The following is the text of a letter sent today by AAUP Associate Secretary Anita Levy to Dr. Ángel Cabrera, President of George Mason University, and Mr. G. Gilmer Minor III, Chair, State Council of Higher Education for Virginia:
Dear President Cabrera and Chair Minor:
Members of the faculty at George Mason University have advised our Association of recent developments at the institution that they believe carry serious adverse implications for academic freedom and tenure as well as for the role of the faculty in institutional governance. Of particular concern is the action taken by the GMU Board of Visitors at the end of March 2016 to approve renaming the university’s school of law the Antonin Scalia Law School, as a result of the university’s having received a combined gift of $30 million from the Charles Koch Foundation and an anonymous donor. We understand that, in two resolutions adopted on April 27 and May 4, the university’s faculty senate has expressed its “deep concern” about the renaming of the law school and, in particular, about the terms of the donor agreements under which the university will be obligated to create two new centers affiliated with the law school and to appoint twelve new faculty members, including several tenured full professors. The May 4 resolution calls upon the administration and board of visitors to “put the request for SCHEV [State Council of Higher Education for Virginia] approval and the enactment of the provisions of the grant proposals on temporary hold to allow for a more careful discussion of the many serious concerns expressed by faculty, students, staff, alumni, state legislators, and the general public.”
We share these concerns. This Association has long held that decisions about a college’s long-range objectives, faculty appointments, and changes in the structure of academic programs relate to the faculty’s areas of professional competence and thus require their direct involvement. This fundamental principle is set forth in the Association’s enclosed Statement on Government of Colleges and Universities, jointly formulated with the American Council on Education and the Association of Governing Boards of Universities and Colleges. The Statement on Government, which embodies standards widely upheld in American higher education, rests on the premise of appropriately shared responsibility and cooperative action among governing board, administration, and faculty in determining educational policy and in resolving educational problems within the academic institution. It refers to “an inescapable interdependence” in this relationship which requires “adequate communication among these components, and full opportunity for appropriate joint planning and effort.”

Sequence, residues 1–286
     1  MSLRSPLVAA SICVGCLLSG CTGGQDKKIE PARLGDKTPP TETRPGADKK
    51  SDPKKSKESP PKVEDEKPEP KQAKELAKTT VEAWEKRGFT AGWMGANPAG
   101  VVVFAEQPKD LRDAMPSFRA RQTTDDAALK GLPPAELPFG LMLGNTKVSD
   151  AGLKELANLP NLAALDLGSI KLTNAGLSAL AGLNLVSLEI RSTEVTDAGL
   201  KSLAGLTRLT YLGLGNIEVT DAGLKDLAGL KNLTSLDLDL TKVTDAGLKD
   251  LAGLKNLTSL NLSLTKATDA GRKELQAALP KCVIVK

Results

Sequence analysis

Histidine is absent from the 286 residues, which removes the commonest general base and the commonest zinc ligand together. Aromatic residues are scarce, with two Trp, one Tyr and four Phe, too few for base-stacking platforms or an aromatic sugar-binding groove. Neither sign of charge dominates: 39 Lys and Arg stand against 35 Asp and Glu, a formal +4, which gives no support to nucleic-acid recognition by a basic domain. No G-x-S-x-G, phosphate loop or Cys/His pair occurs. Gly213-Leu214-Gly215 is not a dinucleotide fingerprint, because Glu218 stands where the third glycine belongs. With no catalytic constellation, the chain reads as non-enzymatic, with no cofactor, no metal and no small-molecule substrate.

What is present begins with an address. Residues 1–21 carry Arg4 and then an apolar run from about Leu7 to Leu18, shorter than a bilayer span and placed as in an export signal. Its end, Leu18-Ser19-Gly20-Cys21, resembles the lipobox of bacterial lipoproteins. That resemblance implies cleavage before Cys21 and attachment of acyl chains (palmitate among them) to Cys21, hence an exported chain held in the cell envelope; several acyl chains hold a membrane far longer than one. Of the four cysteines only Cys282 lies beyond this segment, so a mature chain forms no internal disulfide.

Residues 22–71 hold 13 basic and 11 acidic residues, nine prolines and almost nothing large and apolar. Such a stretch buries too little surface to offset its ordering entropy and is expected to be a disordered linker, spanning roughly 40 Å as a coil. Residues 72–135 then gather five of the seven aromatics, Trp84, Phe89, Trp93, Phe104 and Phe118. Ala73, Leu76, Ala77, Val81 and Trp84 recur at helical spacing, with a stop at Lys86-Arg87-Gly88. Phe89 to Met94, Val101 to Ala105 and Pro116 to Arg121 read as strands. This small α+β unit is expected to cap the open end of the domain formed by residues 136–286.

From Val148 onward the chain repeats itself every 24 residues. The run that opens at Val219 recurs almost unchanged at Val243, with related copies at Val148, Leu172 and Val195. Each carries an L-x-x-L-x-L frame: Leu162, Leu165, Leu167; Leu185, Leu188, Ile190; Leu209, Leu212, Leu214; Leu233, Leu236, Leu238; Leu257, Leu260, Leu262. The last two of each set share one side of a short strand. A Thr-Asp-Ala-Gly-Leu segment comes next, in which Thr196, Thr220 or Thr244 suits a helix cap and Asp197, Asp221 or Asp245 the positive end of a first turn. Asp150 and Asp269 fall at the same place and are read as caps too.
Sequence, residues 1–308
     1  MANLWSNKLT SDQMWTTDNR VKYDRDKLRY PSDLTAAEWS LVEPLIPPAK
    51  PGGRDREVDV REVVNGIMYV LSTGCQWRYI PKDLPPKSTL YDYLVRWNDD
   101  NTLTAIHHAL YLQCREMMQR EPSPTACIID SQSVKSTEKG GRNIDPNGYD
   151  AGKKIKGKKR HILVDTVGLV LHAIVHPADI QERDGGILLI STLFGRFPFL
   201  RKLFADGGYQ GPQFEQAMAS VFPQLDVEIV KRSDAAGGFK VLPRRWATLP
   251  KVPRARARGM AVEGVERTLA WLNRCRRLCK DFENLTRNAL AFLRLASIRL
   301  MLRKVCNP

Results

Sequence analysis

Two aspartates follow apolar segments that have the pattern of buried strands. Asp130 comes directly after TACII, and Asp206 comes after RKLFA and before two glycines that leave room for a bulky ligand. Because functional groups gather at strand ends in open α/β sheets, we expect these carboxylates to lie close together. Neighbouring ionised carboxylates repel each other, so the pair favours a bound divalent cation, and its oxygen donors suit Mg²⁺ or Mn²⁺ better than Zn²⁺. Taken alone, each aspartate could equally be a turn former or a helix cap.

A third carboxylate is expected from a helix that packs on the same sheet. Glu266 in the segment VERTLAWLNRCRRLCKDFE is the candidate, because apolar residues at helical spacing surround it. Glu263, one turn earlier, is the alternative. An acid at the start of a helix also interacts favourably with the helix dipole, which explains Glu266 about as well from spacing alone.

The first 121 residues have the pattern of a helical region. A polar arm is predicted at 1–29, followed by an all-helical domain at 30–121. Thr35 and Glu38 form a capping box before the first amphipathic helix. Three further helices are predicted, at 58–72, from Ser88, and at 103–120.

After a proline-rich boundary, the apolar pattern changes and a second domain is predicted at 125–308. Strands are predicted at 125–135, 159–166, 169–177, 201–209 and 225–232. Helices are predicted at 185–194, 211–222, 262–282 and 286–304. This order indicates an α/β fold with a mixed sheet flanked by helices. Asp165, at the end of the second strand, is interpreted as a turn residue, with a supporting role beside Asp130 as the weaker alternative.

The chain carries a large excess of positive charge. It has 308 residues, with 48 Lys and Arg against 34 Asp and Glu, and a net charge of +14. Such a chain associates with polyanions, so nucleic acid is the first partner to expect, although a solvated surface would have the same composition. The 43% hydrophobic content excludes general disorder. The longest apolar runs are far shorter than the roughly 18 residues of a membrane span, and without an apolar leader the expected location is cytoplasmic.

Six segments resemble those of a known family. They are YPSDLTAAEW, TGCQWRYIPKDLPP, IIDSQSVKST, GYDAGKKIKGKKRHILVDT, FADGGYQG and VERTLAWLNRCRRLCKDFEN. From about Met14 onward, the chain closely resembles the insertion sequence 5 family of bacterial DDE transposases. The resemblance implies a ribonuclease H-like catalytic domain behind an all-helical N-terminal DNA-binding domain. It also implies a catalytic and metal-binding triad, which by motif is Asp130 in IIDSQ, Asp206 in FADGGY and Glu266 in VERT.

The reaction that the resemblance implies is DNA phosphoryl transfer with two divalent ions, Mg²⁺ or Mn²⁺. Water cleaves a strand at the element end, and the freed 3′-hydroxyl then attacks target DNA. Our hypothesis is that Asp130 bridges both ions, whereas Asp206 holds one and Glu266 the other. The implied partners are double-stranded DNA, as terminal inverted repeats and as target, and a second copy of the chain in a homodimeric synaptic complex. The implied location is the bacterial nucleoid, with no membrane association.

Section V of the Statement on Government defines the particular role of the faculty in institutional government, stating in pertinent part:
The faculty has primary responsibility for such fundamental areas as curriculum, subject matter and methods of instruction, research, faculty status, and those aspects of student life which relate to the educational process. On these matters the power of review or final decision lodged in the governing board or delegated by it to the president should be exercised adversely only in exceptional circumstances, and for reasons communicated to the faculty. It is desirable that the faculty should, following such communication, have opportunity for further consideration and further transmittal of its views to the president or board.
Under these principles, the faculty should be meaningfully involved in decisions such as whether to accept the grant and its attached conditions, primary responsibility for those conditions related to the creation and filling of new faculty appointments.
According to the information in our possession, the May 4 faculty senate resolution also notes troubling details in the scholarship program established by the grant agreements, which
link funding of the promised scholarships to the ongoing service of the current [law school] dean, Henry N. Butler: ‘if the individual holding the dean position changes the university shall immediately notify the donor.’ This constitutes a violation of longstanding practices of faculty governance. It is the responsibility of the Law School Faculty and the GMU administration, not outside donors to determine who is appointed and continues to serve as Dean.
We agree. Under the standards set forth in Faculty Participation in the Selection, Evaluation, and Retention of Administrators, the faculty should play a primary role in selecting an academic administrator:
The role of the faculty in the selection of an administrator other than a president should reflect the extent of legitimate faculty interest in the position. In the case of an academic administrator whose function is mainly advisory to a president or whose responsibilities do not include academic policy, the faculty’s role in the search should be appropriate to its involvement with the office. Other academic administrators, such as the dean of a college or a person of equivalent responsibility, are by the nature of their duties more directly dependent upon faculty support. In such instances, the composition of the search committee should reflect the primacy of faculty interest, and the faculty component of the committee should be chosen by the faculty of the unit or by a representative body of the faculty.
We understand that some of these matters were discussed by the Board of Visitors at its recent meeting, and that the administration is preparing a response to the resolutions. We would hope that these efforts might lead to a satisfactory resolution of the faculty’s concerns—especially with regard to its proposal to delay the process in order to provide for broad, timely, and meaningful consultation with the faculty, and for due respect accorded its views, on key issues of central concern to the faculty.
Anita Levy, Ph.D.